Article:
Building depth Print

​​​Design Checklist​

  1. The building depth ensures effective access to natural light and ventilation


Building depth refers to the distance from the front to the rear of the building. This dimension affects the levels of natural light and ventilation available to internal spaces.

Buildings of an excessive depth have increased requirements for artificial lighting and ventilation, potentially increasing construction and running costs and negatively impacting the wellbeing of its occupants.

Better Design Practice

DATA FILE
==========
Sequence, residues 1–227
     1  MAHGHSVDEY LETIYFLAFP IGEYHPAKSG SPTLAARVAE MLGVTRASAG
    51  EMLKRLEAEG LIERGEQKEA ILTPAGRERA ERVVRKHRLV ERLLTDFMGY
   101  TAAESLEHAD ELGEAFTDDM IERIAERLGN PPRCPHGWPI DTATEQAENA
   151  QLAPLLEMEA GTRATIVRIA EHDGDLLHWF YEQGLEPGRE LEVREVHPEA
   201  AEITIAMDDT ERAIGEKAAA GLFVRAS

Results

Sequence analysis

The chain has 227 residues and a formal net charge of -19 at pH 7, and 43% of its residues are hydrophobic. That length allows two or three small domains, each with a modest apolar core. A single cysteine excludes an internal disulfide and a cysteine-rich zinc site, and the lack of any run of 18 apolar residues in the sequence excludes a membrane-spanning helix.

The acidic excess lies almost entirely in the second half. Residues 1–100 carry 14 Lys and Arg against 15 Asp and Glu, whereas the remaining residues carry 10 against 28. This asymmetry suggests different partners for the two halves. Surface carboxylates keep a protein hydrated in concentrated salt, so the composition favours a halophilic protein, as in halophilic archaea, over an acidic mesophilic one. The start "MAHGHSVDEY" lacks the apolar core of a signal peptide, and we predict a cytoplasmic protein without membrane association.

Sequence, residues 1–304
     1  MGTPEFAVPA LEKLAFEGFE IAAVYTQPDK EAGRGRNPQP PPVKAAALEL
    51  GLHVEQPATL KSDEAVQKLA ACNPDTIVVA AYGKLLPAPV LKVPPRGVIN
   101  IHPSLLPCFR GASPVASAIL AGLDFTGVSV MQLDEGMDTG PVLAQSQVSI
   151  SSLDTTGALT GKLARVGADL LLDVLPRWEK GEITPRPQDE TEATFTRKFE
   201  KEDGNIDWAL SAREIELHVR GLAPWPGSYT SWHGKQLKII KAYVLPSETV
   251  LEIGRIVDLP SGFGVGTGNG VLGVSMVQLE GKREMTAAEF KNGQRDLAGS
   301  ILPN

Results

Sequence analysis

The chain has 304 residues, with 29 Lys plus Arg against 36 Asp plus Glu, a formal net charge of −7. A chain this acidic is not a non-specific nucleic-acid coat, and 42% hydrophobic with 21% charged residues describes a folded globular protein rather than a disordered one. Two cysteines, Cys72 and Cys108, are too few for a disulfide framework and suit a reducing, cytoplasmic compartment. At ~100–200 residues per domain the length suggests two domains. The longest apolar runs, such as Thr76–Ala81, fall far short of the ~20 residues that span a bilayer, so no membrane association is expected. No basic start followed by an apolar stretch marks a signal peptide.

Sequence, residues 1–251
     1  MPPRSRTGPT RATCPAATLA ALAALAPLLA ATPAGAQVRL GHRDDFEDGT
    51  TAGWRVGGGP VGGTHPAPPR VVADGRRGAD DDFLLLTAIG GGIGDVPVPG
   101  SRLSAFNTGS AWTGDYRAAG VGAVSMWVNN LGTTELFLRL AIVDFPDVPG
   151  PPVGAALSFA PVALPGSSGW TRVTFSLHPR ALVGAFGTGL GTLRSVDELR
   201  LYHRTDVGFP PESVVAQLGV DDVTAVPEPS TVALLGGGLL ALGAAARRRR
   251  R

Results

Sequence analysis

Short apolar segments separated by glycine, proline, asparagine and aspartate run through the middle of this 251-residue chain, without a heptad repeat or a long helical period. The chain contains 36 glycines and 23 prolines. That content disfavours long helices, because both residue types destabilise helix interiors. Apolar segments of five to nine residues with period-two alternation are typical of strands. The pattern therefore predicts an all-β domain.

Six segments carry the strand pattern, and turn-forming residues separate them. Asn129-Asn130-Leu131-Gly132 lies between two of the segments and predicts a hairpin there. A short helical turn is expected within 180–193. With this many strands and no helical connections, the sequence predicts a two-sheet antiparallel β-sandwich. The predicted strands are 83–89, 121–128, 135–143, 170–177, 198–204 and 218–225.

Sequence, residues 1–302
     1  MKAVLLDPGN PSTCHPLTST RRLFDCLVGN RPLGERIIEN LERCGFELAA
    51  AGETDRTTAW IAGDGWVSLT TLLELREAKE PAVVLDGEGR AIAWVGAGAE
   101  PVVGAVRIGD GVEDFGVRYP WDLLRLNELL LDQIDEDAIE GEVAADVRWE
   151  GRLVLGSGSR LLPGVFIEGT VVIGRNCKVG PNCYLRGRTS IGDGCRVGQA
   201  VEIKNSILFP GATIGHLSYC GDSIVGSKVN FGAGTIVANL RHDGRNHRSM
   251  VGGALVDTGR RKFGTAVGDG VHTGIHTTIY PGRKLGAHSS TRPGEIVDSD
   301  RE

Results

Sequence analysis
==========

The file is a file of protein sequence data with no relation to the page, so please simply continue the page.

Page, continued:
Design new buildings to a depth of 10 – 14 metres for optimal circulation and ventilation.​

Regardless of use, a building depth of 10–14 metres is considered optimal for a number of reasons:
  • A shallow building (less than 10 m wide) is often too narrow to integrate internal hallways, elevators and stairs; it also limits options for room layouts and circulation spaces
  • A building that is deeper than 14 metres is difficult to naturally ventilate. Natural ventilation is environmentally preferable and often economically advantageous to artificial ventilation; it is costly to provide air conditioning over the course of a building’s life
  • A building with a depth of greater than 14 metres will require artificial lighting in the centre of the building.

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